But that isn't the only clue. Nokia doesn't seem to want to talk about the chip that's supposed to power the successor to the N900, saying only that it is continuing to develop on the OMAP3, which is the same chip used in the N900. Given the availability of next-gen ARM parts, it seems unusual that Nokia would stick with OMAP3.
Of course this is all speculation and could end up much ado about nothing, but what if it isn't?
If you are struggling to grasp the exact nature of the partnership, then you are not alone. Apparently, Microsoft CEO Steve Ballmer and HP CEO Mark Hurd were so busy raving about their partnership that they forgot to divulge any lucid details. But the information posted on Microsoft Technet does seem to be of some help: “Microsoft and HP will deliver ‘Smart Bundles’ for small and medium businesses. These are a combination of hardware and software, including HP server, storage and networking solutions, coupled with Windows Server Hyper-V and HP Insight software, delivered in a single, cost-effective package.”
The partnership will also provide a lot of impetus to the Windows Azure Platform, “with HP offering services, and Microsoft continuing to include HP hardware for Windows Azure infrastructure.”
The future of online media is very much up in the air as news conglomerates look for new ways to generate revenue. But instead of going at it alone, several of the magazine industry's biggest players have been considering joining forces to create a new mega-company.
If it happens, the alliance would be huge and include Time Inc., Conde Nast, and Hearst, which together publishes more than 50 magazines, such as The New Yorker, Time, People, Sports illustrated, The Oprah Magazine, and many more.
The goal is to create a company that will prepare magazines for multiple digital platforms. Those close to the plans have described it as an iTunes for news and magazines.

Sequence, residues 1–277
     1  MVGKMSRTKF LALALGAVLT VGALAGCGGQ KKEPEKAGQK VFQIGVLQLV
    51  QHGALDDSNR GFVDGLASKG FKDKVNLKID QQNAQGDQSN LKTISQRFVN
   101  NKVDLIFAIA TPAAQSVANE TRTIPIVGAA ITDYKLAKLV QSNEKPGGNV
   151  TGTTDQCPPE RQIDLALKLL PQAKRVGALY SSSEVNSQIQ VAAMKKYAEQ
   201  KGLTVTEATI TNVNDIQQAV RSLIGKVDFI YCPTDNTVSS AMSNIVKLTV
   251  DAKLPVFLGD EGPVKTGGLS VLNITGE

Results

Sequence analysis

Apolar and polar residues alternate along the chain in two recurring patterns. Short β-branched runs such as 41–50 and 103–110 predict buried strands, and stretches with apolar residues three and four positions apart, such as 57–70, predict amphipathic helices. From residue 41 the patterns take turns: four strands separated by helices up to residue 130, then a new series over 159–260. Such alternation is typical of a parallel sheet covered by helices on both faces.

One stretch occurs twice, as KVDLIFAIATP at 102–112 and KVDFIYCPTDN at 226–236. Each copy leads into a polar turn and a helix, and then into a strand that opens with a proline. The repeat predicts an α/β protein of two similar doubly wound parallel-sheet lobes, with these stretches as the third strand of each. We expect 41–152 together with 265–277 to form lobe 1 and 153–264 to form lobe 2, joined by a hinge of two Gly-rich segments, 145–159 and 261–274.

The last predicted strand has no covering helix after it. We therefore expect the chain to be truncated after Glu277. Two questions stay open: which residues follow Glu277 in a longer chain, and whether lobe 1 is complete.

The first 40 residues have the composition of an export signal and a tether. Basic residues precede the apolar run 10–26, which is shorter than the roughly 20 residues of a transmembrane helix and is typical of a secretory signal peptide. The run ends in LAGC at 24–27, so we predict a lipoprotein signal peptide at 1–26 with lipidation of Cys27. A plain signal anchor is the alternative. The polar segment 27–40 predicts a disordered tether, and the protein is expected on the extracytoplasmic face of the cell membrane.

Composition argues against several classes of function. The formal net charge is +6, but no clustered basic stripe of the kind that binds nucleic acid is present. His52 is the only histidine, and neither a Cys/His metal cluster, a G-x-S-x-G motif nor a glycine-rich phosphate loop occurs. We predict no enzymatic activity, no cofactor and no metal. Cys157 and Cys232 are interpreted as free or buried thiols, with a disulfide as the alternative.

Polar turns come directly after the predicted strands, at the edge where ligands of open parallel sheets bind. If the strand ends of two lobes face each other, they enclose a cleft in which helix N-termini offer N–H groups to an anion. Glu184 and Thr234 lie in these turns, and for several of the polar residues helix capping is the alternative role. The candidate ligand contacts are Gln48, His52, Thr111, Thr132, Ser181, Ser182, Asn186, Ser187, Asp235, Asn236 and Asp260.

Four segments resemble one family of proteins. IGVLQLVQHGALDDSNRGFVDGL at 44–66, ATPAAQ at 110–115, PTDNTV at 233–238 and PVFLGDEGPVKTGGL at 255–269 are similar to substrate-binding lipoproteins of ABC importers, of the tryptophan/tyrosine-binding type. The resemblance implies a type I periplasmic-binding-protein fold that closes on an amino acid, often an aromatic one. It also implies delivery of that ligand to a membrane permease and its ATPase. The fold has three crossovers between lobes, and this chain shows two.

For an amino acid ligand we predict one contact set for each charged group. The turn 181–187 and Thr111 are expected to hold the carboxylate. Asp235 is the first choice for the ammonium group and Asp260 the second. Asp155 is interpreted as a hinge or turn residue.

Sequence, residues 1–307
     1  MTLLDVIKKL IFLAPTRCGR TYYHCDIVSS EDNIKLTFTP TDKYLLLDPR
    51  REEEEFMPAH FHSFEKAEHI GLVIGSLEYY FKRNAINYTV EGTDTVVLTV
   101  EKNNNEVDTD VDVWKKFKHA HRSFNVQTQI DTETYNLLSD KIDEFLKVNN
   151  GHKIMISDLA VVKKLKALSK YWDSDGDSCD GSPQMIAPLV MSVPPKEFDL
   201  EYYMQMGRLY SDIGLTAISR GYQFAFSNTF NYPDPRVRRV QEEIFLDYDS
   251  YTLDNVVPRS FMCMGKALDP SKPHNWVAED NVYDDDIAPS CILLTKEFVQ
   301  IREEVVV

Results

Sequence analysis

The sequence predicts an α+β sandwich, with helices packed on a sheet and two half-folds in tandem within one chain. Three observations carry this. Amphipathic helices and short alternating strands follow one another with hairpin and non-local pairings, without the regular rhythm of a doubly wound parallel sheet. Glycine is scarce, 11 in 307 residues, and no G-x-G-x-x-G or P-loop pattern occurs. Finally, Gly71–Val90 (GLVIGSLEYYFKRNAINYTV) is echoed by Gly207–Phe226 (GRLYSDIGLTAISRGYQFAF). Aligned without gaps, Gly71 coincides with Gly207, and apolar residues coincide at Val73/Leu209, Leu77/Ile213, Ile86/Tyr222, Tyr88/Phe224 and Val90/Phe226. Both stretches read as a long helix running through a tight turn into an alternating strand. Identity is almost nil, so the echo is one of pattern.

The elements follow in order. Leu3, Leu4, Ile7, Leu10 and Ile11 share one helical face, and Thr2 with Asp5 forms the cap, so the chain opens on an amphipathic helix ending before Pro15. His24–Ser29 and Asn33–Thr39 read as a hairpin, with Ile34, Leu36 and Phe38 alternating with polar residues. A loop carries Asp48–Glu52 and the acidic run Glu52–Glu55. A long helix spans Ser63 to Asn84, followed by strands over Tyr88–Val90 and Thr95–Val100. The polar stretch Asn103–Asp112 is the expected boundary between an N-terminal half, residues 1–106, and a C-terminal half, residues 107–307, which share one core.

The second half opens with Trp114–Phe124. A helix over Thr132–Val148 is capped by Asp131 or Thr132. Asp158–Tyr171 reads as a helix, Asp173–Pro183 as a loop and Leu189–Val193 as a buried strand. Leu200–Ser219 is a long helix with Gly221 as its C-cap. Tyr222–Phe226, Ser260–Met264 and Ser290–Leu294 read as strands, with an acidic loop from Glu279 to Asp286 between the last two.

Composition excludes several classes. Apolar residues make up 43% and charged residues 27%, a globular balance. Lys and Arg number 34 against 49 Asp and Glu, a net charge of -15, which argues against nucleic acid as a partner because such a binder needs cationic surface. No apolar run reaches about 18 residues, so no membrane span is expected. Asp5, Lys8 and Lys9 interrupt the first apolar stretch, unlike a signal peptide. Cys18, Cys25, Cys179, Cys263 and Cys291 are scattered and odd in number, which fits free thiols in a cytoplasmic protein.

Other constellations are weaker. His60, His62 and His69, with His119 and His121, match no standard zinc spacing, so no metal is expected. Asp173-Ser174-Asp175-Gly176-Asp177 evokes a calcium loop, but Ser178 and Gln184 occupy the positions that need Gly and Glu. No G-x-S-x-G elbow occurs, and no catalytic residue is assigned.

"It's pretty complicated stuff," said a source. "Thre really, really hard part is that you've got so many different kinds of devices running on different operating systems. And how do you handle that? The consortium provides one point of contact for the consumer. When you come to the main store, you can get the content any way you want."
A newly announced partnership between ARM and GlobalFoundries could mean the next generation of mobile devices will be faster than anyone expected. The project will focus on the ARM Cortex-A9 chip. The current Cortex-A8 powers the iPhone 3GS and the Palm Pre. The new chip will be based on a 28nm process.
According to GlobalFoundries, the 28nm parts will take advantage of the manufacturer’s High-K Metal Gate semiconductor. The HKMG technology is known as “Gate First”, meaning that it should allow high performance with minimal leakage.
ARM CEO, Warren East, said of the collaboration, “This announcement reflects our business value and strategy of providing best in class processor implementation by marrying our own processor and physical IP with world class manufacturing semiconductor technology.” So get ready, the next round of ARM chips could blow your socks off.
Looks like Best Buy wants to keep its hands, and its phones, in everyone’s pockets. They sealed a deal with Google on exclusivity of some mobile applications and collaboration on an online and in-store mobile storefront. With this effort, they hope to continue to make Best Buy’s mobile division competitive with mobile carrier stores.
In the works so far is a location aware Best Buy mobile application where users can search for, and track stock of, in-store products. They are collaborating on a few other applications in addition to Android specific and Ford Sync applications, but Best Buy declined to give details.
They also hope to launch a Best Buy Mobile online store where eventually users can share reviews and research mobile electronics, as well as purchase products online. Amazon opened a similar storefront (AmazonWireless) earlier this summer.